Getty/Brendan Smialowski

Phyllis Schlafly, the longtime feminist antagonist largely credited with defeating the Equal Rights Amendment (ERA), died on Monday. She was 92.

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It’s difficult to understate what a vexing nemesis Schlafly was to the women’s movement. Once, during a public debate in 1973, feminist leader Betty Friedan growled at Schlafly, “I’d like to burn you at the stake”—yet many Millennials have never heard of her.

Despite its controversy, we should pause and reflect on Schlafly’s legacy because her brand of “family values” spawned the battles modern feminists are still fighting today.

First, it’s important to understand that Schlafly wasn’t a doe-eyed political neophyte twiddling her thumbs at home. She accumulated power in conservative circles long before taking on the ERA, a proposed Constitutional amendment that would’ve guaranteed equal rights for women, throughout the ‘70s. A Choice Not an Echo, Schlafly’s self-published book that supported hard-right Republican Barry Goldwater’s presidential bid, sold millions. Although she never held office herself, Schlafly unsuccessfully ran for Congress three times, and lost a bid for president of the National Federation of Republican Women in 1967.

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But Schlafly was no also-ran. With the women’s liberation movement, she found boogeywomen whom she could scapegoat for the changing American family and a place to lay blame for conservative anxieties. When confronting a generation of women demanding power, Schlafly attained power herself by allying with conservatives who felt threatened by those feminists. (Eagle Forum, an interest group that Schlafly founded as an alternative to women’s lib, boasted 60,000 members by 1975.)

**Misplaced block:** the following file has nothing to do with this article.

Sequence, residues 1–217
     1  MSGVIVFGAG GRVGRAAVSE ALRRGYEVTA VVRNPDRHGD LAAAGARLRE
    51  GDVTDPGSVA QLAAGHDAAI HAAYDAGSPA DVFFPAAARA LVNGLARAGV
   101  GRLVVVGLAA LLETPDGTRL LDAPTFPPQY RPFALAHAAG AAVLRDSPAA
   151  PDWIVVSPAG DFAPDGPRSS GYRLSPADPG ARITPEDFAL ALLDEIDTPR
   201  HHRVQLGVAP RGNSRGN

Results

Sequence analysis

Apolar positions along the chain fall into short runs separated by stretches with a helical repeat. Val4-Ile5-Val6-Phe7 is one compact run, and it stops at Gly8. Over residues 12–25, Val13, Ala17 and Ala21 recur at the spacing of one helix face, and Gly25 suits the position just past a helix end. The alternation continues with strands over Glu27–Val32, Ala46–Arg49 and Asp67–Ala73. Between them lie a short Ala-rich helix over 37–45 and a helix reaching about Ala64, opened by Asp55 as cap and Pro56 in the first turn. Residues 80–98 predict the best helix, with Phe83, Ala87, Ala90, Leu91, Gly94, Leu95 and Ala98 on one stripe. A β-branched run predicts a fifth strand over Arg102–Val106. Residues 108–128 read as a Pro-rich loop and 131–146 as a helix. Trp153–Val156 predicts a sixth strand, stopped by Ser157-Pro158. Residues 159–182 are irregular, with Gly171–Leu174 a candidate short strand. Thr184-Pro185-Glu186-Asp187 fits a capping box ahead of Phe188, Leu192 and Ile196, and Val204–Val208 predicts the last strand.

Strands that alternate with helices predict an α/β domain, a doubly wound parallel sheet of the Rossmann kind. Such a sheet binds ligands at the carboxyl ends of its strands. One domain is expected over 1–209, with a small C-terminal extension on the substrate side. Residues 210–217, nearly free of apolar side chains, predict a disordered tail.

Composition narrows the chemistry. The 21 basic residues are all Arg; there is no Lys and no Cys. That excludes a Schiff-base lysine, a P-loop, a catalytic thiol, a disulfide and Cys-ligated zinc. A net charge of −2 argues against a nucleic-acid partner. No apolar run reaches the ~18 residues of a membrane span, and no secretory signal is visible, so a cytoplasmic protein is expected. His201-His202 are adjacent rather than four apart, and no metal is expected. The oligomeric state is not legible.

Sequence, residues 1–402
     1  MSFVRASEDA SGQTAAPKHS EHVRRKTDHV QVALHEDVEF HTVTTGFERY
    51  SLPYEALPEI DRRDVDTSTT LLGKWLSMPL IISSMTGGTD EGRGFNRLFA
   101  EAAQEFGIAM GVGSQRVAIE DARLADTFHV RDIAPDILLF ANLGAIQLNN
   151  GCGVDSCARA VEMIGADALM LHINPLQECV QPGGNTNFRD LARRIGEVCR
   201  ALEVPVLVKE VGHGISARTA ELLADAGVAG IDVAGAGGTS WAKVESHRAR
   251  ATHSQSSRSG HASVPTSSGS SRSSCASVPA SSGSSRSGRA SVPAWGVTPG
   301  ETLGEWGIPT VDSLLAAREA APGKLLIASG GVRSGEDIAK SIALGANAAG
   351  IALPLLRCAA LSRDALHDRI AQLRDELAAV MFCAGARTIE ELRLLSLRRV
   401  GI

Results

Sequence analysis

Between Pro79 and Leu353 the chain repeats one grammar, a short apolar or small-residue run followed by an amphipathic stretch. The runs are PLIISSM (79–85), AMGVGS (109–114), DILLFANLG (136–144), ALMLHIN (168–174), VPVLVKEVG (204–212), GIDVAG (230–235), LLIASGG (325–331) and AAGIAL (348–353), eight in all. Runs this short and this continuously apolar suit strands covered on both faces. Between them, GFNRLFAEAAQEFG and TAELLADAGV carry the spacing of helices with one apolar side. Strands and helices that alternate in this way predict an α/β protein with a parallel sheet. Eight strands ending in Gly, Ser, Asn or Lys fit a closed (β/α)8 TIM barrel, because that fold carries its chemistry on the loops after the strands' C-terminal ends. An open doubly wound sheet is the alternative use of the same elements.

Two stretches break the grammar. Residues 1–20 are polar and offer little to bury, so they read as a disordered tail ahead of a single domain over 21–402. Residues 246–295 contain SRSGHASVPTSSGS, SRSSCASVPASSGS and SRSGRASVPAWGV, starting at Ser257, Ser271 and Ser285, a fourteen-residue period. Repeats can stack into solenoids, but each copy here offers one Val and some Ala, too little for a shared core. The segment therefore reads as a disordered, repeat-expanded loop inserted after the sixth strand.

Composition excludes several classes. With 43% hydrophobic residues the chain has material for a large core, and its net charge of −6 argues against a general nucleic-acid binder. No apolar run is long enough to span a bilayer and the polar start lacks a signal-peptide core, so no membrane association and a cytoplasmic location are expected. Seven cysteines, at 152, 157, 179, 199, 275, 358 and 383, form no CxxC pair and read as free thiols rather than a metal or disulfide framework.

James C. Dobson, founder of the Christian conservative organization Focus on the Family, credits Schlafly’s grassroots organization STOP ERA for taking on a cause few others were willing to oppose. She rallied church-going homemakers, armed with cakes and apple pies, who visited state lawmakers to ask them to vote against the ERA. It had already passed both houses of Congress in 1972 and been ratified by 35 of the necessary 38 states by 1977 when the movement bumped up against Schlafly and other women politely asking to be protected from feminism—and lost. No further states ratified; five tried to rescind.